Many thanks for the invitation to contribute to this series of “letters.” As someone new to the field, I very much appreciate the opportunity to join this discussion with such an impressive group of scholars and teachers.
Kjetil is absolutely correct that design historians should be responsible for deciding how designhistory is researched, written, and taught. From my perspective, however, the best way for us to achieve that autonomy is to argue for the value of our work in terms that both respect the scholarly integrity of our discipline and explicitly engage design faculty. I realize that it may seem paradoxical to seek autonomy through increased engagement, but I believe that we should make a concerted effort to demonstrate to our colleagues in design how our research and teaching contribute to the education of design students using terms and concepts from their disciplinary discourses and academic frameworks. In my experience teaching in professionally-oriented, studio-based programs at the Pratt Institute and the University of Illinois at Chicago, design faculty are usually willing to reciprocate this engagement as part of a larger conversation about how to integrate design history more effectively into their curriculum. To be successful, such a conversation will in turn spur designers to think about how their teaching relates to design history and thereby establish an opening for design historians to engage the broader curriculum of the program. By building common ground with designers, I believe that design historians can re-define their position within schools of design so as not only to secure their autonomy as teachers and scholars, but also to establish themselves as key contributors to design education. From that position, we can then advocate more effectively for the humanistic principles that we celebrate. (I recognize that my attitude places the burden for engagement on design historians, but I think that is reasonable since we, unlike designers, can speak the “language” of both design and design history.)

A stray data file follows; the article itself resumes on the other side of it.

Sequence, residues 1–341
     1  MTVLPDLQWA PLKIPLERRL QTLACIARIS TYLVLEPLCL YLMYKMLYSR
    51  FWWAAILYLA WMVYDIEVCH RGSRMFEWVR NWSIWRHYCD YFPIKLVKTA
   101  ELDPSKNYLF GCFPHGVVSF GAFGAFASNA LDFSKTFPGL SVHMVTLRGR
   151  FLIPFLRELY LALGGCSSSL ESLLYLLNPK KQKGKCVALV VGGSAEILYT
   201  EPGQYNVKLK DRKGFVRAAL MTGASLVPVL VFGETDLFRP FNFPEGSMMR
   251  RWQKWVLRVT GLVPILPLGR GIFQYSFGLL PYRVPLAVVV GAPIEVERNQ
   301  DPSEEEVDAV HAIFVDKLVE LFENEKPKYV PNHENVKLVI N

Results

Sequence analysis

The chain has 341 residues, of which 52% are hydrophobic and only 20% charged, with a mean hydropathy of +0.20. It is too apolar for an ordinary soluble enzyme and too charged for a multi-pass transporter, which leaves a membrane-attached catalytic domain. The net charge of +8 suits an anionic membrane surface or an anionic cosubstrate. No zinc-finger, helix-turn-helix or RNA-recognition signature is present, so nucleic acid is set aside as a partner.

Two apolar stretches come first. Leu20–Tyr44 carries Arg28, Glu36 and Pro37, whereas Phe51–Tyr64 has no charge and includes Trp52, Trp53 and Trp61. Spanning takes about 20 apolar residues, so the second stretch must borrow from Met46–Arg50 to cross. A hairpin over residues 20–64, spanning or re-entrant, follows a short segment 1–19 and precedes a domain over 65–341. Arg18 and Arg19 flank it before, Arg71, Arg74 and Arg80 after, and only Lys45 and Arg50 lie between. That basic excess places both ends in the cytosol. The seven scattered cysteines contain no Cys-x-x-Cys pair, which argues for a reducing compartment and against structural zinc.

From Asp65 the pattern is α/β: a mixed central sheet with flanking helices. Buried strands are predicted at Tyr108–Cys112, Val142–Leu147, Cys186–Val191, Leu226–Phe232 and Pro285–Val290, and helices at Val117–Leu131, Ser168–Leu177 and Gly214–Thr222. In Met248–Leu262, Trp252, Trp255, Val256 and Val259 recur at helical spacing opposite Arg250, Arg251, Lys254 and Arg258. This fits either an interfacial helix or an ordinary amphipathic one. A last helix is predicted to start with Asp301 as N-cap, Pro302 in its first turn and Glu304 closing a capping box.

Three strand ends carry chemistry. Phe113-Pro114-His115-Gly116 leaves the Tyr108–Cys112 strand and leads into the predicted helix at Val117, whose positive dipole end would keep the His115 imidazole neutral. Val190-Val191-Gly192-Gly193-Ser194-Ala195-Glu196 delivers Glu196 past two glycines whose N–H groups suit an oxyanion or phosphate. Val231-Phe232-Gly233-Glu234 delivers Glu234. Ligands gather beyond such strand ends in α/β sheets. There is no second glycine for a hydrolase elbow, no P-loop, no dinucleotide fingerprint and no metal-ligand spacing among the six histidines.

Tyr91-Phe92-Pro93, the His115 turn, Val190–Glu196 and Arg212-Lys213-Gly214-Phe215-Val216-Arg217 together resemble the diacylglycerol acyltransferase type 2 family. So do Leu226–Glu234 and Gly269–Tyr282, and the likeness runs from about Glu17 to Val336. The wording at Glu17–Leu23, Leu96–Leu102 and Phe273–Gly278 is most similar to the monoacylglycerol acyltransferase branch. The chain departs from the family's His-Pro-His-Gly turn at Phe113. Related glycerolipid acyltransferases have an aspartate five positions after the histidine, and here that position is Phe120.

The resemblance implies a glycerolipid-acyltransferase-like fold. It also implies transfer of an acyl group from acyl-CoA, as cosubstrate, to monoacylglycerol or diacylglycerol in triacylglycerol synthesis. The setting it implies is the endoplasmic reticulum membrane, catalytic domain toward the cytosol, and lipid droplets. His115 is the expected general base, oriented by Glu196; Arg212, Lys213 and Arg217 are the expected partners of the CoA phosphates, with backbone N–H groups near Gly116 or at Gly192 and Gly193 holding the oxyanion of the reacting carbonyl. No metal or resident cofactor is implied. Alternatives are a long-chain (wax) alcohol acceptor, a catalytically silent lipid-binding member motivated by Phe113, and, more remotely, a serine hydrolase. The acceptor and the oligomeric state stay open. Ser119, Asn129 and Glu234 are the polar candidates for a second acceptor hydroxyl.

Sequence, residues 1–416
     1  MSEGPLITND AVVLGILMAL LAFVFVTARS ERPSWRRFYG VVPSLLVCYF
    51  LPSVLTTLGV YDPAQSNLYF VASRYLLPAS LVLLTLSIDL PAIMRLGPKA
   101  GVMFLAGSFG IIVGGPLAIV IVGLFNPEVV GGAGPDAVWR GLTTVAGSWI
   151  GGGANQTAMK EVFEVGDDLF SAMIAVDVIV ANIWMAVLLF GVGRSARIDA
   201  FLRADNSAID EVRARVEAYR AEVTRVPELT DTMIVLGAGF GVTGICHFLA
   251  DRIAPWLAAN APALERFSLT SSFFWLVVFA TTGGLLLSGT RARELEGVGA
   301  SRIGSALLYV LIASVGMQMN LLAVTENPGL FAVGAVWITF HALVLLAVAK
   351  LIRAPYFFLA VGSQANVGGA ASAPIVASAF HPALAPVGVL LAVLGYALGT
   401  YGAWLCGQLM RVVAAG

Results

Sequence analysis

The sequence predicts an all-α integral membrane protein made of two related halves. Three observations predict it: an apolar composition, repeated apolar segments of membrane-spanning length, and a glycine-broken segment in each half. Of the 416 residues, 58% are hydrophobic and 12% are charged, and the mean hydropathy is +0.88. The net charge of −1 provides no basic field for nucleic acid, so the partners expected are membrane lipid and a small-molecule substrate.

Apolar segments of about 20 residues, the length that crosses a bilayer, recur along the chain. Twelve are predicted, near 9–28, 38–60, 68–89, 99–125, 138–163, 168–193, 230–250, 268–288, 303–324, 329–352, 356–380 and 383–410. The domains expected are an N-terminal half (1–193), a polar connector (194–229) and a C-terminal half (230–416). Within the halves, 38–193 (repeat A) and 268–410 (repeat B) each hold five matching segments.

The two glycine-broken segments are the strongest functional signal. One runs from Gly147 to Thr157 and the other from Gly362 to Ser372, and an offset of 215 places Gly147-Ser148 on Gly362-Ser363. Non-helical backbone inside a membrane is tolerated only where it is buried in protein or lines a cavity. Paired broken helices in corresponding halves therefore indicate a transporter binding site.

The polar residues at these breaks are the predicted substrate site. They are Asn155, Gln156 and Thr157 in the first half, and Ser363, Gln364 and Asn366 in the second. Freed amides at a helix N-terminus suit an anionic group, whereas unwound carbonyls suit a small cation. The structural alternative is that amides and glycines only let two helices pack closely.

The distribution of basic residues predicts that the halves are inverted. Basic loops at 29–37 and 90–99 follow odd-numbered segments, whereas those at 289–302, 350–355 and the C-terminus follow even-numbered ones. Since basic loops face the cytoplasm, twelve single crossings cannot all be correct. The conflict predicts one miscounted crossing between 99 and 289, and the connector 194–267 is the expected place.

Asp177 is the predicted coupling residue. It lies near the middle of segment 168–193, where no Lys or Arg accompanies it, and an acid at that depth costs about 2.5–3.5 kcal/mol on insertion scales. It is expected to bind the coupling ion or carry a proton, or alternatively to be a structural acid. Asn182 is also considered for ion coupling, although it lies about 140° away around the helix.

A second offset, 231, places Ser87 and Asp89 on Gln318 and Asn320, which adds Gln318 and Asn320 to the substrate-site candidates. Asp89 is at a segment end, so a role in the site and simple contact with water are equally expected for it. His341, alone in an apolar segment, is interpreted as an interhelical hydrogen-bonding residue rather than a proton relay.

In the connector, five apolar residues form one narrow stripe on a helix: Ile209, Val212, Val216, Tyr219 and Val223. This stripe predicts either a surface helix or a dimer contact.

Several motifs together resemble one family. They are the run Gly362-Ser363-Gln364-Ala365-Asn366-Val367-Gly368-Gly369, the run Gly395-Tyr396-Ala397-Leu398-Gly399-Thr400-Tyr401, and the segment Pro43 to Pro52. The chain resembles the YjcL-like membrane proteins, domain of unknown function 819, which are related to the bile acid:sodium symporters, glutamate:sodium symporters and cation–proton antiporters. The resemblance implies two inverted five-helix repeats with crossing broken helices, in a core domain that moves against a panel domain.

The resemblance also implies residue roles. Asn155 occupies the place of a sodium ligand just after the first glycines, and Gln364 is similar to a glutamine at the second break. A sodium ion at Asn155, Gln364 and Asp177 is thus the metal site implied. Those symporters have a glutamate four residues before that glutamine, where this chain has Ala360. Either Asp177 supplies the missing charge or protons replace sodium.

Such a renewed engagement with design schools is also, in my opinion, the best means of strengthening the position of design history within the academy. I agree with others here that the next step in the scholarly development of our discipline is to build more intimate connections with related fields, especially in the humanities. The humanities, however, have rarely been more maligned than now in the US, and, in my opinion, there is little institutional advantage to be gained through a closer alignment with them. Instead, an expanded design field that incorporates design history on its own terms seems to me to offer greater opportunities precisely because it will bring professional training together with the critical reading, writing, and thinking abilities that we cultivate in our courses and the advanced research and analytical skills that we teach in our graduate programs. (I see this as the promise of design studies, even if it has yet to be widely realized as such.)
I know from first-hand experience that our work as scholars does not always fit easily within the academic frameworks favored by designers. However, on the basis of the impressive body of scholarship that our discipline has produced over the past decades, we can now push for a more equitable role in design education that will benefit designers and design historians alike. In particular, we are ideally suited to offer exactly that broader perspective on design that Clive discusses in his letter and to introduce into design schools a more intensive and wide-ranging discussion about the definition(s) and boundaries of design. At a moment when higher education increasingly emphasizes job training and the production of “useful” knowledge, few disciplines are better positioned than ours to articulate the value of the humanities from within a professional field such as design and thereby demonstrate a model of academic organization that truly connects fields and disciplines with a shared subject but divergent methods and aims. Despite the institutional challenges confronting design history, I believe that this is a moment of opportunity, when the particular strengths of our discipline – especially its inherent inter-connectedness with a wide range of other fields – make it well-suited to build bridges within an increasingly fractured academy.
Thanks again for the invitation to join this conversation. I look forward to continuing it here and at other venues.